We did this all in a tradition that had an extraordinarily high view of the Bible (I would argue a much higher and even more terrifying understanding of the Word of God than the fundamentalists).  We did it because we did not interpret the apostle Paul’s teachings on the role of women in leadership the way many Protestant traditions had.  We did it because we believed there was in fact serious evidence in the New Testament that women were in fact leaders in the early church.  We did it because we had a dynamic belief that what happened on the day of Pentecost set us ablaze with tongues of fire and altered our perception of reality.  Now there was neither male nor female, Jew nor Greek, slave nor free.  We did it because we no longer believed that institutional structures were the source of authority in the Church, but the Spirit of God that moves on both male and female alike to preach and prophesy.

We had no connections to liberal social movements, but were demonstrating racial equality in pockets all around the world years before the modern civil rights movement.  We weren’t demythologizing the Bible or playing down the blood or the cross of Jesus or the judgment of God (as Mark’s logic would suggest these are interrelated with the ordination of women as pastors).  There was a new social order coming in not through politicians or seminarians or professors, but from ordinary people who were taking the Bible and the Spirit seriously.

Today, depending on whose statistics you use (and the rapid growth of the gospel in places like Latin America, Africa and China right now make it hard to keep track with the explosive growth), but around one in three Christians in the world are part of the global Pentecostal movement, with staggering growth in Asia, Africa, and Latin America.  And now more than ever before, female pastors and leaders are bringing the gospel empowered by the Spirit into the most volatile parts of the world—to remarkable results.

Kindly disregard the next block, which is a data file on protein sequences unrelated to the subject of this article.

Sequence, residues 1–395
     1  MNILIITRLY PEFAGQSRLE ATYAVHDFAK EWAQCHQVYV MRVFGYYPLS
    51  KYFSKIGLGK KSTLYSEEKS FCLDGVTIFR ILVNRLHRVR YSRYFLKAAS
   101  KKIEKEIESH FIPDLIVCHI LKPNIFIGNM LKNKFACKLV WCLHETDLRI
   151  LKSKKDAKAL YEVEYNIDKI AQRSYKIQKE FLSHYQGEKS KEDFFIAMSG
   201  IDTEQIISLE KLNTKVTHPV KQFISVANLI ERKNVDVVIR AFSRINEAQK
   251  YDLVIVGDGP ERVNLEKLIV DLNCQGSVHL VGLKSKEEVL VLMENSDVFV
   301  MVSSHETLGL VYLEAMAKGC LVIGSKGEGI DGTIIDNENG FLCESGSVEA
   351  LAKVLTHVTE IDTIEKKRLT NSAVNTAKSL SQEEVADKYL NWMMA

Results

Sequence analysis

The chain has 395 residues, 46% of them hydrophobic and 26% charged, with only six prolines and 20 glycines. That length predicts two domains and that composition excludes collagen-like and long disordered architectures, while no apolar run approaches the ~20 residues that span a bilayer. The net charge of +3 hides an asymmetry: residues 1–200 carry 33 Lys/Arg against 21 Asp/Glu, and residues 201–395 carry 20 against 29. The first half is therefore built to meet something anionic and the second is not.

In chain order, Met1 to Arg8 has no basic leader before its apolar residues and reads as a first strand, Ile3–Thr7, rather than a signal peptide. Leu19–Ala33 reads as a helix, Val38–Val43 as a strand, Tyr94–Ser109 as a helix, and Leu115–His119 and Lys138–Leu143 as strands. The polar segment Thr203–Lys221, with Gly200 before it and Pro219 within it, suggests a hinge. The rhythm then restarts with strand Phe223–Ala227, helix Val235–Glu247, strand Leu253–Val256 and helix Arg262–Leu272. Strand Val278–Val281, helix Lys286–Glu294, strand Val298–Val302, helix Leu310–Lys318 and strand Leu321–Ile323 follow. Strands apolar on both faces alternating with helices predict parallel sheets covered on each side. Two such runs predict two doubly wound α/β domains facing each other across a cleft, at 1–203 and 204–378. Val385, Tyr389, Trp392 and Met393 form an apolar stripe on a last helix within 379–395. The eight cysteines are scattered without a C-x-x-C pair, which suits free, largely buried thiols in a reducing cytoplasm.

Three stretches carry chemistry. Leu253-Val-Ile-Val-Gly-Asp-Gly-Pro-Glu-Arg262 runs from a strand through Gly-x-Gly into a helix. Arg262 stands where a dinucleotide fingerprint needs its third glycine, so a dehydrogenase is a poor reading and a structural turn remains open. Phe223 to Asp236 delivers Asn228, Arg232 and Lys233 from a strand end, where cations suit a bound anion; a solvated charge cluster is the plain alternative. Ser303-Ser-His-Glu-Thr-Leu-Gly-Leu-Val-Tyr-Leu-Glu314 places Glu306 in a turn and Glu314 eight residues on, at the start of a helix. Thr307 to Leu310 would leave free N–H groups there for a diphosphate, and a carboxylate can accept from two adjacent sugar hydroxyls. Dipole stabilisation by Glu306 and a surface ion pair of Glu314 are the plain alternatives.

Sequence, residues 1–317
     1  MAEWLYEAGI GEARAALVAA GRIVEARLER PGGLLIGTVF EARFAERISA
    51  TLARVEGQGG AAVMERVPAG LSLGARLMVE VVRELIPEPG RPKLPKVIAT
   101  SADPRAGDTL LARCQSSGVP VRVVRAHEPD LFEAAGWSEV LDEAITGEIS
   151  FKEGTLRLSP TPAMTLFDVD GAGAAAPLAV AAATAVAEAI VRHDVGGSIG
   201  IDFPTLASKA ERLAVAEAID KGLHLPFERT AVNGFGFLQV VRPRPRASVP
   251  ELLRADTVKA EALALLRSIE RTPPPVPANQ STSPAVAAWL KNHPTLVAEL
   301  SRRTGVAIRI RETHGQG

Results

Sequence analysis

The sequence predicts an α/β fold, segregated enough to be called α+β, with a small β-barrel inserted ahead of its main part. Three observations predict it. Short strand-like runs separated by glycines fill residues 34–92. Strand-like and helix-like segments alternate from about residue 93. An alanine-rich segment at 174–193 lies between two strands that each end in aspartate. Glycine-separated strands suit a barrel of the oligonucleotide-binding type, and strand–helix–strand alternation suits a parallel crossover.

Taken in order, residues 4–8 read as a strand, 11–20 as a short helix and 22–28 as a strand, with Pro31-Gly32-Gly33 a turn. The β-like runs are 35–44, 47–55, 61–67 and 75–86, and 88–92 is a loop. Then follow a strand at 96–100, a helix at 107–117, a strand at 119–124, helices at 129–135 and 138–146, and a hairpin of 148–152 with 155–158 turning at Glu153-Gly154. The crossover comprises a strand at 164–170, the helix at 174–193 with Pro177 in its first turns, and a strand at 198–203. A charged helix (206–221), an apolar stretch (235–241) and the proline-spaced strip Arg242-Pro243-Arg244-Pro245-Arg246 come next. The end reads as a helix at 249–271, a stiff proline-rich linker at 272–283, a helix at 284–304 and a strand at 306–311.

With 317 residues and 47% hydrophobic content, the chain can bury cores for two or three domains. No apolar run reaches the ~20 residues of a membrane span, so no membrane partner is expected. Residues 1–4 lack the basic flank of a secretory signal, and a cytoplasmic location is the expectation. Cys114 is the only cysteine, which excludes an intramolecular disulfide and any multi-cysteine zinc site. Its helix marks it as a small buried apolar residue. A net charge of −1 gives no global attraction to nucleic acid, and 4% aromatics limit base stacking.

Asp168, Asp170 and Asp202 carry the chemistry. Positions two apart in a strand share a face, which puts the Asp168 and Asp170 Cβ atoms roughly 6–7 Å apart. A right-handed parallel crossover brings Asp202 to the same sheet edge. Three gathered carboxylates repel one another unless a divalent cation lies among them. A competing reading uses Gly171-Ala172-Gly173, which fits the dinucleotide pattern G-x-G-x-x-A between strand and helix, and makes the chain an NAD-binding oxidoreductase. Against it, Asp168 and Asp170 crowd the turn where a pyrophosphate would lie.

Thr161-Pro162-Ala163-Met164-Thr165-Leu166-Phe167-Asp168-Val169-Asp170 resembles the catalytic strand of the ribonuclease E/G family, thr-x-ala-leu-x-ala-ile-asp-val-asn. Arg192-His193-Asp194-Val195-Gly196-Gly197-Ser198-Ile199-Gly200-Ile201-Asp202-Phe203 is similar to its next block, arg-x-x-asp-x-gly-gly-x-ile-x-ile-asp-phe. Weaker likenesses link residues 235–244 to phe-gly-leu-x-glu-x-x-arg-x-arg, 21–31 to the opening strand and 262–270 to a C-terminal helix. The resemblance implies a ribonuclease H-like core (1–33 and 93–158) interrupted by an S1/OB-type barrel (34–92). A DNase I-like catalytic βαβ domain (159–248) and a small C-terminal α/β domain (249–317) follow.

Such is the case with my spiritual grandmother, Sister Margaret Gaines, whose work in the Palestinian community of Aboud has brought the kingdom of God into the Middle East with devastating effectiveness.  Still today, the Muslim clerics in the area send their children to the school she founded even though they know they will learn about Jesus, because the legacy of Sister Gaines so changed the character of the village.  (One leading cleric said “Sister Margaret changed the character of our entire community” when she left)  She led both a church and school there, and even served as the Regional Overseer for the Church of God in the Middle East.  After 50 years of missionary service, health problems forced her to retire to her home of Pell City, Alabama.  But in the last year, at 80 years old and never married, she came out of retirement to pastor a Church of God of about 20 people that was about to get shut down. I was there a few weeks ago to help her dedicate their new worship space, and saw how among poor rural people she is doing just what she did in her Arab community—loving the marginalized and the oppressed, teaching them the gospel of Jesus and growing them in the faith.  It’s a thing of beauty.

Now given Pastor Mark’s rubric for success, I guess none of this would count.  Her church does not have 12,000 people.  She does not have a popular podcast, and her books have not sold as many as yours.  She does not have a “bold” reputation for sophomoric remarks from the pulpit or witty one-line smack-downs to her critics.  I don’t think she’s delivered edgy talks about masturbation or the morality or lack thereof of oral or anal sex in Christian marriage.  She has had the audacity to lead both men and women, not only as a woman, but as a single woman.  (how relevant could she be?)  Perhaps this is evidence, per Mark’s logic in the interview, that God isn’t blessing what she’s doing?  She is after all only leading a congregation of twenty at this point.